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Public will have access to Mining Charter in a few weeks

The Mineral Resources Minister Mosebenzi Zwane says the much anticipated Mining Charter will soon be gazetted for public comment.

The Minister said this when he briefed journalists ahead of tabling the department’s Budget Vote speech at the National Assembly on Tuesday afternoon.

“In a matter of weeks, you are going to see the mining charter gazetted,” the Minister said.

The Minister said approximately 60 stakeholders have been consulted so far, and that the department was almost “at the end of that consultation process”.

He said the Mining Charter would help empower the people of South Africa, including mining companies.

Tabling his speech at the National Assembly after the media briefing, the Minister reiterated that “the review of the Mining Charter, which was gazetted in April 2016 for public comment, is almost complete”.

“Although we had initially intended to have the process finalised in March 2017, further consultations have been undertaken and we are confident that the Charter that will be gazetted will be reflective of the careful consideration given, substantive inputs received and meaningful engagement with stakeholders.”

The gazetting of the Mining Charter, the Minister said, was one levers that would be used to drive growth and transformation after President Jacob Zuma called for the state to use all its regulatory tools to implement radical economic transformation.

“We will continue to use the regulatory tools at our disposal – the Mineral and Petroleum Resources Development Act (MPRDA) and Mining Charter, to drive growth and transformation in the sector.”

He said the department’s R1.779 billion budget for the 2017/18 financial year has been aligned to the priorities of the nation and to the long-term vision of socio-economic vision.

In South Africa, mining remains at the centre of the country’s economy.

Not only does it account for 7.9% of Gross Domestic Product (GDP) and employs almost 460 000 people, it is the basis upon which other industries such as finance and manufacturing, have been built, the Minister said.

The Minister said he is of the view that mining will continue to play a key role in the country’s economy over the next 100 years and beyond.

This, he said, means that all stakeholders would need to work together to ensure that the economy grows to benefit all South Africans.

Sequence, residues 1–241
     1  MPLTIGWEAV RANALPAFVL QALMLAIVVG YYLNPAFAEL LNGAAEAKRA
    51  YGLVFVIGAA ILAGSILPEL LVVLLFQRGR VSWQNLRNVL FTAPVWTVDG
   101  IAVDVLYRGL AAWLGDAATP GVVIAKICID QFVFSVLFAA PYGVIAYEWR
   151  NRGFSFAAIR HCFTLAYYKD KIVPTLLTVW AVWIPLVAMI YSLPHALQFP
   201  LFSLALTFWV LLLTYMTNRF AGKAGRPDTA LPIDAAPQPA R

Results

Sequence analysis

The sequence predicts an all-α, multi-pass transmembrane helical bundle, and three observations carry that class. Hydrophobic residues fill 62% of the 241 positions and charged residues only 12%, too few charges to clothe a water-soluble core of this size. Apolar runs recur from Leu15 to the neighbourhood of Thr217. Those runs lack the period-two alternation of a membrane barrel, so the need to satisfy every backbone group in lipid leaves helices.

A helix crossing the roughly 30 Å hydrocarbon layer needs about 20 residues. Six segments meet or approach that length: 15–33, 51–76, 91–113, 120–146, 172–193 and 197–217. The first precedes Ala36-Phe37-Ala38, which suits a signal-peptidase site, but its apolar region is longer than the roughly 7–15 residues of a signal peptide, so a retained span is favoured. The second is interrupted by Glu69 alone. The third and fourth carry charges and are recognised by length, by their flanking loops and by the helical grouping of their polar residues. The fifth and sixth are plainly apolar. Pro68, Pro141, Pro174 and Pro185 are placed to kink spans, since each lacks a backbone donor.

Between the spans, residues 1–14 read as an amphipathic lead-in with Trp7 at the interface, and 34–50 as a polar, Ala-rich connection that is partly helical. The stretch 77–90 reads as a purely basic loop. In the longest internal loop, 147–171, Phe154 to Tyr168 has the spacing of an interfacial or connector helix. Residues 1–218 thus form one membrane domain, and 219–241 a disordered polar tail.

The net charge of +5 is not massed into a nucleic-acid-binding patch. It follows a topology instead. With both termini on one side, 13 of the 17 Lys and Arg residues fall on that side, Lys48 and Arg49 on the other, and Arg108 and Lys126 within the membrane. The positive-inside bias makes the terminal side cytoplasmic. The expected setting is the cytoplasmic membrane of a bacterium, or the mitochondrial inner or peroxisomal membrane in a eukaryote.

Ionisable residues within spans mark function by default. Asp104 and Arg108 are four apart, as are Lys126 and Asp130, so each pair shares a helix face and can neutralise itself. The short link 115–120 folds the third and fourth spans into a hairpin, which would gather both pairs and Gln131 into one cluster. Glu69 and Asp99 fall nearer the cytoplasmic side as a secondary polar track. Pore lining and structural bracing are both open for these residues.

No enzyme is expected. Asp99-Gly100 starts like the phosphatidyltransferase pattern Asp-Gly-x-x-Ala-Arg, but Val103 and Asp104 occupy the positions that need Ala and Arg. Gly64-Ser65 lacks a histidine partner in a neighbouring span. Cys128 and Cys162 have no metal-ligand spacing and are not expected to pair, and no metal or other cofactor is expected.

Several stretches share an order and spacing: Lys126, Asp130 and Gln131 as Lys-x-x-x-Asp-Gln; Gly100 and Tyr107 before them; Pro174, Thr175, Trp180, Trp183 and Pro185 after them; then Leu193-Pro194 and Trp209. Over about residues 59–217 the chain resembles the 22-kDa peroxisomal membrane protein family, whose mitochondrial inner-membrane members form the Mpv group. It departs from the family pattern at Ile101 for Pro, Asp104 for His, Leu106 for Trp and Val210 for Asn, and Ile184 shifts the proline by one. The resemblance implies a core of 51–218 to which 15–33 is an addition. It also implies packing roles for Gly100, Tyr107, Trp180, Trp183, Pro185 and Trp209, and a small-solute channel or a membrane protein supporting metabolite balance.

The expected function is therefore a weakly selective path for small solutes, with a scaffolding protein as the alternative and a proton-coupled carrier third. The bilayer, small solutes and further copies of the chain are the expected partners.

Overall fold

“We are making decisive interventions to ensure increased black ownership and participation in the sector.

“In order to substantially boost the community development impact from mining through better implementation of Social and Labour Plans (SLPs), more emphasis is being placed on alignment of SLPs with the Integrated Development Plans of local municipalities.”

Calls for industry to ensure there is labour stability

Meanwhile, the Minister has called on industry stakeholders to ensure that labour bargaining processes are held in a manner that ensures that there is stability in the sector.

“We continue to experience stability in the sector, with the peaceful conclusion of the October 2016 platinum wage agreements with the three major producers as an example.

“This represents a significant step in the continuation and strengthening of relationships built between the labour unions and mining companies since the signing of the Presidential Framework Agreement for a Sustainable Mining Industry in 2013.

“We encourage stakeholders to continue in this manner as they hold wage negotiations in the year ahead, and also work with communities, as stability is critical for the long-term sustainability of the mining sector,” he said.

The Minister said attracting investment and growing the sector remains one of the department’s key focus areas.

He said, meanwhile, that since the announcement made at the Mining Indaba in February, of an integrated, multi-disciplinary geological mapping programme worth R20 billion over 10 years, the Council for Geoscience (CGS) has developed a plan of action to grow South Africa’s share of global exploration investment.

“As part of assessing the potential of the shale gas resource, CGS and Petroleum Agency South Africa (PASA) are conducting a scientific programme that will include the plan for its sustainable development.

“This will attract new investment in shale gas and the broader upstream petroleum sector,” he said.

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